“You sure as hay ain't dealin' with an amateur. I've done my share of hostage-takin'. Bit of a trademark if I'm bein' honest with you. I've got quite a fondness for it.”
She hadn't expected anything less, but hearing it from him sent shivers down her spine. He looked back over his shoulder at her, and she turned away.
“Why do you want Applejack so bad?”
She heard the distinct clang of metal hitting the floor.
“Best you hope she hurries along so you can find out. By my count, she's got about fifteen minutes before I turn this six-gun on one of you nice folks.”
A few more soft clangs sounded on the other side of Flint. He slid the chamber back into place and placed the weapon back in its holster. He went back to polishing the second gun. Redheart grimaced.
“You seem quite calm for somepony who's getting ready to kill somepony else.”
“It's one of those things that gets easier the more you do it. But I don't quite think you understand me, miss. Not sure I do myself. Not completely. Reckon it doesn't much matter now, though. Here she comes.”
Applejack stood strong in front of the Urgent Care building, her back arched and her head held high, a mask of fierce determination adorning her face. The Urgent Care door swung open slowly. Standing silhouetted against the unnatural halogen lights was Flint. He stepped out into the square, closing the door tightly behind him. Lightning crashed and a few sparse raindrops started to fall. A wind picked up, blowing Flint's duster coat and Applejack's hat into a frenzy. Flint lifted the polished gun from his satchel with his magic and placed it on the ground.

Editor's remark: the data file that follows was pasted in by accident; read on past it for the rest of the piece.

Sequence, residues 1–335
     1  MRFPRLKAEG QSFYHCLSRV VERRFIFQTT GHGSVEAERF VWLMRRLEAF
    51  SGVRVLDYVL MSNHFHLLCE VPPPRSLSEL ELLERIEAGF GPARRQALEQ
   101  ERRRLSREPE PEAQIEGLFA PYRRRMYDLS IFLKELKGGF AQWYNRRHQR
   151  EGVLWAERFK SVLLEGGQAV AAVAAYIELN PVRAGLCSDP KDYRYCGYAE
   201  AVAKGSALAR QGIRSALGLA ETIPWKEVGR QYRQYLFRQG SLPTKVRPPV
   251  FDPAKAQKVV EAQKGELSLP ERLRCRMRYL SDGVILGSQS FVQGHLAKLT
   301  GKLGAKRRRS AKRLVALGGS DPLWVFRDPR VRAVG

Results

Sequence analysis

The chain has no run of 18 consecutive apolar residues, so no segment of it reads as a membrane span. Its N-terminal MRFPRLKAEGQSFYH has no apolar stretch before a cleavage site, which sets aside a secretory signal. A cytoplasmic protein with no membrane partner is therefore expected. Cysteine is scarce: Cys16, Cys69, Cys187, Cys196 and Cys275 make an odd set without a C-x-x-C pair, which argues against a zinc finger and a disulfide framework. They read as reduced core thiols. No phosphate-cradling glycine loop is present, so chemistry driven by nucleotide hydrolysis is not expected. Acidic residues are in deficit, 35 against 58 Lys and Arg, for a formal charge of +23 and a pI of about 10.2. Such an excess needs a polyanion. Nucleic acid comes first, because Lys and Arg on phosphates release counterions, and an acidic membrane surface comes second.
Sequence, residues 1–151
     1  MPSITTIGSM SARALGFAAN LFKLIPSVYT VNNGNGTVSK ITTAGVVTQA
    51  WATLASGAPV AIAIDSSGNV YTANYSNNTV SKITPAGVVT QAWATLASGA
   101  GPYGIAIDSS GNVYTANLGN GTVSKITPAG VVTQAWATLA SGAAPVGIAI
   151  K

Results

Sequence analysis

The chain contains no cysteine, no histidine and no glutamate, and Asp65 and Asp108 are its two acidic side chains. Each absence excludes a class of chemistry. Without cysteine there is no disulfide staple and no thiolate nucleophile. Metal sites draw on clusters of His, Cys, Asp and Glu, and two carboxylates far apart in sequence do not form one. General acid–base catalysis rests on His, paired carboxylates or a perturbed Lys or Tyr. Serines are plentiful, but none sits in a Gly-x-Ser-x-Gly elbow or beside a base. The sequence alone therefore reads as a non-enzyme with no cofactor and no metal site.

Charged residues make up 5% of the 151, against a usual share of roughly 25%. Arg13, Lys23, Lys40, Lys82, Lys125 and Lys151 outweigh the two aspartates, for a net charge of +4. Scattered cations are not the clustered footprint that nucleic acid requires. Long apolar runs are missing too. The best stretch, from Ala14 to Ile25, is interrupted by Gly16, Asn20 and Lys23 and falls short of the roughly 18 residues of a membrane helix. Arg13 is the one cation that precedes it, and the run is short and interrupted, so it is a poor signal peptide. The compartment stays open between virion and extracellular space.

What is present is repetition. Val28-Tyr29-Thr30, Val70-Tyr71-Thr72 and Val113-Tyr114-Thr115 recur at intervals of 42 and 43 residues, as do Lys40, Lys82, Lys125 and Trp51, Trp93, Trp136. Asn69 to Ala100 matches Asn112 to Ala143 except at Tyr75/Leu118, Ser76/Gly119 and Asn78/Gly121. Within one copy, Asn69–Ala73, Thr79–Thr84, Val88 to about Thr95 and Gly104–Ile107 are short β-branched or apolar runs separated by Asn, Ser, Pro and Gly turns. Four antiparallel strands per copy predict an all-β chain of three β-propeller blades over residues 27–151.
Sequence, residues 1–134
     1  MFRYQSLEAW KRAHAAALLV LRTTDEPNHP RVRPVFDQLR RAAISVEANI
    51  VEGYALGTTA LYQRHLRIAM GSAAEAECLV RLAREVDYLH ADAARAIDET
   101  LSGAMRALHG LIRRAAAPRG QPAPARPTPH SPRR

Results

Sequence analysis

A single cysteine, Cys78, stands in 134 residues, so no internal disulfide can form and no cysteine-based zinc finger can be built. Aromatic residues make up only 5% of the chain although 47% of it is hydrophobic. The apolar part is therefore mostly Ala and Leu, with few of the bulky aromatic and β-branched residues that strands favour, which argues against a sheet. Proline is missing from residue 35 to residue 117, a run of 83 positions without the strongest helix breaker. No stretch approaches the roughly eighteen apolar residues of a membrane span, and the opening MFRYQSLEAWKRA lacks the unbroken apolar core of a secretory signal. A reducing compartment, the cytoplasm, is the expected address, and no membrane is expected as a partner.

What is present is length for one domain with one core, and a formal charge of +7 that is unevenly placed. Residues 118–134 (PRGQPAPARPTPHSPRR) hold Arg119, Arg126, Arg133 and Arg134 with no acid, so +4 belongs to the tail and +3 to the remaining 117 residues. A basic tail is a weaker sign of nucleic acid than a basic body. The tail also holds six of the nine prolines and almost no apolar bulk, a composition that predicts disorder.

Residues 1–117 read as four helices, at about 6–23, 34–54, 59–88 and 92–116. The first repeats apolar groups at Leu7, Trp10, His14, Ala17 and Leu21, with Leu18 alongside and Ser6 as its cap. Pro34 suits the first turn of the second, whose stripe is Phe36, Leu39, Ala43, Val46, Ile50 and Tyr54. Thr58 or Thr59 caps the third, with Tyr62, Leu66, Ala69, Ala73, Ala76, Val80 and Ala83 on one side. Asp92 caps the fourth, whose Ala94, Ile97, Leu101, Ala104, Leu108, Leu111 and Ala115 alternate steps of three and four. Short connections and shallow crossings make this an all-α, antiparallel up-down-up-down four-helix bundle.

“Doesn't look like you brought a weapon.”
“Don't reckon I'd need one to do you in.”
“I take it your friend found you?”
“No. I came here on my own. I made you a promise. Said I had a mind to kill you myself should I see you again.”
“You willing to make good on that?”
“Reckon we're about to find out.”
His horn lit up and he slid the gun over to Applejack. She picked it up and inspected it for sabotage. She tested the hammer and the trigger and slid the chamber out to count her shots. She had a full six.
“You're a strange pony, Flint.”
“I've been called a lot of things in my time, miss Applejack. I don't believe 'strange' is one of 'em.”
The rain grew heavier. Distant thunder boomed, shaking the earth as the clouds cried. A wicked wind swept the trees about, twisting and bending and buckling their branches and trunks. Curious eyes poked out from the windows of houses, staring down at the two statuesque ponies in the square.
“So, how do you imagine we're gonna go about doing this?”
“Next flash of lightning, miss Applejack. Could be a while, but I don't recommend lettin' yourself get relaxed. I've seen ponies die on account of that.”
The two stood tense in the storm, their guns at their sides, ready to be drawn. The rain beat harshly against their bodies but neither yielded. Runoff rainwater began to pool at their feet and the wind threatened them with its shrill banshee howl.
And the lightning flashed.
Applejack stood with her hoof outstretched, the gun in her hand smoking. She was breathing heavily, shakily. Flint brought a hoof to his chest, taking in what had happened. His back left gave in and he slumped to the ground.